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November 1968

The Role of Voluntary and Governmental Groups of Physicians

Author Affiliations

Bronx, NY
From the Division of Pediatrics, Montefiore Hospital and Medical Center, Morrisania City Hospital, and the Albert Einstein College of Medicine, Bronx, NY.

Am J Dis Child. 1968;116(5):472-478. doi:10.1001/archpedi.1968.02100020476004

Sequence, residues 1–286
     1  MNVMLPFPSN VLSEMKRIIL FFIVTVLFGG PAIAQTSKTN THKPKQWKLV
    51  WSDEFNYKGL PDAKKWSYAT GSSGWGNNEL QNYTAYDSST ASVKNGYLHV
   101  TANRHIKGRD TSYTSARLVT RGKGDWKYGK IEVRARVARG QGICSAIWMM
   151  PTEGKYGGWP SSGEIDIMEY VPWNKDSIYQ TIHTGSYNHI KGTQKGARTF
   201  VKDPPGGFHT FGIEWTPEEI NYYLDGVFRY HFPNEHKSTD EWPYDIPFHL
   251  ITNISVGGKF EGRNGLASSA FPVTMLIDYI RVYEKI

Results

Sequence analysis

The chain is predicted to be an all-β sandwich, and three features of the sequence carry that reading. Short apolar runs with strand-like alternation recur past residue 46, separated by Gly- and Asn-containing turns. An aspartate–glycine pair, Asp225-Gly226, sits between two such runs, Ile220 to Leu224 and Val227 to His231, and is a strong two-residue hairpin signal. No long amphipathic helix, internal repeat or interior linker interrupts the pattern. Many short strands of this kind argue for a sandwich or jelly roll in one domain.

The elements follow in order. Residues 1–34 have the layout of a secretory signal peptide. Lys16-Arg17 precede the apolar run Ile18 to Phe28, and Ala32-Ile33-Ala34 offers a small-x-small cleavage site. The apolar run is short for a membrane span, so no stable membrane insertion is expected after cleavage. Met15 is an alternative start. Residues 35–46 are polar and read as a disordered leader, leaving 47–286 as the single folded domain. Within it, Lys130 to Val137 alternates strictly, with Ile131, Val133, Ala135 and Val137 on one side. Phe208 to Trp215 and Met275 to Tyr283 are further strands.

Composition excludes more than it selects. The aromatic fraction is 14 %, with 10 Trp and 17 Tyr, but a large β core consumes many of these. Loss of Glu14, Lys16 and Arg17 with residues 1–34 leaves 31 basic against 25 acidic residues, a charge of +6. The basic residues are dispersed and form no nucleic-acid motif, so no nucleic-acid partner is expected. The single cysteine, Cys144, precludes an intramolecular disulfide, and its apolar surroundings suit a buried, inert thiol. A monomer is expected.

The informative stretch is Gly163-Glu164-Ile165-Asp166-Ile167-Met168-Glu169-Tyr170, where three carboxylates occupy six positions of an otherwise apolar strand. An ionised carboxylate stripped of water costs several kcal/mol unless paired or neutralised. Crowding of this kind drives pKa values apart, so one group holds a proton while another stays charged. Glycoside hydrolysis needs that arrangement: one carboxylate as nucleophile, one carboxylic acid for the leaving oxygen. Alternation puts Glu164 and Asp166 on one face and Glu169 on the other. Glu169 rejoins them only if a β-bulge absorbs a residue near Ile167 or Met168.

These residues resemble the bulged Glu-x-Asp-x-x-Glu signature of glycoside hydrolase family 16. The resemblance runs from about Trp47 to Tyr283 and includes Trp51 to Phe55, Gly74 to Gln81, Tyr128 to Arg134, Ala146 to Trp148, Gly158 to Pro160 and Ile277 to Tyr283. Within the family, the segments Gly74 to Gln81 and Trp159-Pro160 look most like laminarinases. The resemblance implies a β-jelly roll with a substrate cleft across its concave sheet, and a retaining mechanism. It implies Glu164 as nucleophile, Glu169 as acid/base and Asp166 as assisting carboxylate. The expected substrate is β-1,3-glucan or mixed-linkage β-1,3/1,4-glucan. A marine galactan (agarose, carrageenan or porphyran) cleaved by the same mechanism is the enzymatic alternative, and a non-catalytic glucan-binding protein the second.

IN THIS presentation I shall assume that social and scientific progress have so altered the nature of medical science as to mandate changes in the way medical care is delivered. It is my belief that a wider application of group practice would ease but not eliminate what Surgeon General Stewart1-3 has called "the present crisis of unfulfilled health needs in the United States." I am also assuming without further elaboration that health and society are interrelated and interdependent4-6 and that both social and medical factors influence individual and collective health. Therefore, changes in medical care delivery may not, in themselves, necessarily improve the national health. I propose to discuss group practice, to indicate its potential advantages for the patient, the physician and society, and to describe three medical groups operated by Montefiore Hospital, commenting briefly upon their similarities and differences and upon their possible role in house staff

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